DH: So you've been taking the sugar out of your recipes?

MK: Yes. Although small amounts of added sugar are acceptable in any diet, including a diabetic diet, excessive amounts are not healthy for anyone. The healthy recommendation for added sugar for all of us is no more than eight to 10 teaspoons per day. Unfortunately, we now eat an average of twice that amount, or more. A regular piece of carrot cake is filled and frosted with as many as 18 teaspoons of sugar and has over 75 grams of carbohydrate. In contrast, my version has the equivalent of just 1-1/2 teaspoons of sugar and only 22 grams of carbohydrate. In addition to reducing the sugar, I balance all of the carbohydrates in my recipes and use whole grains whenever possible. Consequently, foods like sandwiches and pastas can also easily fit into diabetic meal plans.

DH: In developing your recipes, what else do you consider?

MK: Taste, taste, taste! Taste has to come first. If something doesn't taste good, no one is going to want to eat it.  I truly believe that everyone deserves good health AND great taste. And neither my family, which includes teenage boys, nor the chefs who try my recipes show any mercy when critiquing them.

DH: You've been very successful. Why do you think that is?

MK: I honestly don't believe that anyone wants to, or should have to, give up the foods they love. Everyone deserves dessert. I try to help people attain their goals, whether it's losing weight, controlling their blood sugar, or just being healthy, in a way that's easy and delicious. Bouncing between deprivation and guilt while struggling to avoid the foods you enjoy is not fun. Chocolate cake is.

DH: You've been called a "magician in the kitchen." Why is that?

MK: There is nothing magical about eliminating sugar, fat, and calories from recipes, It's in doing so and still ending up with food that tastes great. The title came from a food editor who was amazed that I could do just that.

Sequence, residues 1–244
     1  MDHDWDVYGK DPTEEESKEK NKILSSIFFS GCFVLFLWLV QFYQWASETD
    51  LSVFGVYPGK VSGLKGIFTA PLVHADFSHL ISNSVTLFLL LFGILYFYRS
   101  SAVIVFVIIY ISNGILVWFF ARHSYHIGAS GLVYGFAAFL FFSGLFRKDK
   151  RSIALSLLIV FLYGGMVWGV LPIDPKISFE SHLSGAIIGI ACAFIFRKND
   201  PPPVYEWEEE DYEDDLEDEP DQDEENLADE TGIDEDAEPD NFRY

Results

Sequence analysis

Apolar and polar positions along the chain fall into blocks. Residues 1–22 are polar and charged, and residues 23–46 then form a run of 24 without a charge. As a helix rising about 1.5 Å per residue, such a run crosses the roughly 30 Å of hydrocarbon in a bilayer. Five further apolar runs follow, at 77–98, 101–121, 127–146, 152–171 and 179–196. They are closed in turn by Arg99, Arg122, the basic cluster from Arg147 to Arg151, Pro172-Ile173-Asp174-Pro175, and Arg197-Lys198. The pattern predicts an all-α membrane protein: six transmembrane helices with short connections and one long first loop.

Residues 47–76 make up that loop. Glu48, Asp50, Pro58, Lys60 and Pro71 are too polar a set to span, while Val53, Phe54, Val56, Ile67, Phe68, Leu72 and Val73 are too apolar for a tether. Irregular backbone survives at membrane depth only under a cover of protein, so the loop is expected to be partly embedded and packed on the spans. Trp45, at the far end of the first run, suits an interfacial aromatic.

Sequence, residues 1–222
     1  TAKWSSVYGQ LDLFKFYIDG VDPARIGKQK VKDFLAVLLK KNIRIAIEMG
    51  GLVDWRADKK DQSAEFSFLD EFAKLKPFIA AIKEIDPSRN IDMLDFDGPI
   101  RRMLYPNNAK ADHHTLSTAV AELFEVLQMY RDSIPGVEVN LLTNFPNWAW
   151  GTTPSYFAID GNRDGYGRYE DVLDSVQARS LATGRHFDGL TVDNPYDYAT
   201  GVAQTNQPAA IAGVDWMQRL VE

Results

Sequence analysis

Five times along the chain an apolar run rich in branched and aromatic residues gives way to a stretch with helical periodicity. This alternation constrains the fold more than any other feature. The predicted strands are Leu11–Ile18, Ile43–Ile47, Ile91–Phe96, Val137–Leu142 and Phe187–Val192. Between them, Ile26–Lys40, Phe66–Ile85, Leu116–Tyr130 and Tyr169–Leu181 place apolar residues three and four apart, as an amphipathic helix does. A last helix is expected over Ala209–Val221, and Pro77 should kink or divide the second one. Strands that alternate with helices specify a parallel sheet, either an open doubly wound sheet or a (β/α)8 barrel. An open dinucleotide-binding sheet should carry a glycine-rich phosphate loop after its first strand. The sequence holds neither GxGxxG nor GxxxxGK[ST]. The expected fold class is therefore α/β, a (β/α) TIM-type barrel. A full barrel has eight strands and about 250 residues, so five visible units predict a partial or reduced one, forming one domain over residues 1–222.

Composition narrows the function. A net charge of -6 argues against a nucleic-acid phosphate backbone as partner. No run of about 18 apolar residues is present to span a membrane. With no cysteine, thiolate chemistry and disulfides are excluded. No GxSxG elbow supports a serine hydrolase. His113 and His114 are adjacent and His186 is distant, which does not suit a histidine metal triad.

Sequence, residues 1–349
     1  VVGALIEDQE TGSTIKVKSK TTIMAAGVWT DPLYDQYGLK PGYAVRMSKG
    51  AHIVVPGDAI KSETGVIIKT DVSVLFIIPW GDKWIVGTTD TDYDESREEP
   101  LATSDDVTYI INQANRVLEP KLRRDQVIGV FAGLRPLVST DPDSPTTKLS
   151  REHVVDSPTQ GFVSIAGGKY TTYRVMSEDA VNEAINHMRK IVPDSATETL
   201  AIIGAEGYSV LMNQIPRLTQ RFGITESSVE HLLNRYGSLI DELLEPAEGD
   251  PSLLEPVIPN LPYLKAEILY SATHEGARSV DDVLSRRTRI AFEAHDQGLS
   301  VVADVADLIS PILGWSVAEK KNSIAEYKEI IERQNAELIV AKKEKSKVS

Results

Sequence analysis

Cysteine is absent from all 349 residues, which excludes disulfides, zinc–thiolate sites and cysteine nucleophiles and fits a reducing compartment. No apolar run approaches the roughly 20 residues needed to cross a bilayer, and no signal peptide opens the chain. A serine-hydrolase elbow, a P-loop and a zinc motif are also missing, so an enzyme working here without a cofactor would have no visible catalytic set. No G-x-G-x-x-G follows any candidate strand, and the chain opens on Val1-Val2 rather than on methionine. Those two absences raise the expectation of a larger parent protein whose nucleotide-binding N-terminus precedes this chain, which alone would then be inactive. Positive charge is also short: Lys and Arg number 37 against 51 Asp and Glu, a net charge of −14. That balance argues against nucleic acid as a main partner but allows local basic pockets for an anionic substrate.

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Categories: Blood Sugar, Columns, Diabetes, Diabetes, Food, Glycemic Index & Carb Counting, Losing weight, Nutrition Advice, Type 2 Issues

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Posted by Anonymous on 21 January 2010

I loved reading about "the magician in the kitchen." It takes magic sometimes, it seems, to enjoy your meals, especially when going out to eat or trying to take a healthy vacation. One way I've found a person with diabetes can take a trip to Hawaii, eat fabulous tropical buffets, exercise and learn how to get healthier to boot is to join Ann Doherty, RN, CDE on her Hawaii Health Getaways to the Big Island. Her 11th annual health retreat is this Apr 24 - May 1, 2010. She not only has helped honeymooners with insulin pumps have a fabulous trip, but those with type 2 diabetes learn how to better regulate their blood sugar, in an enjoyable setting. Check out Hawaii Health Getaway dot com.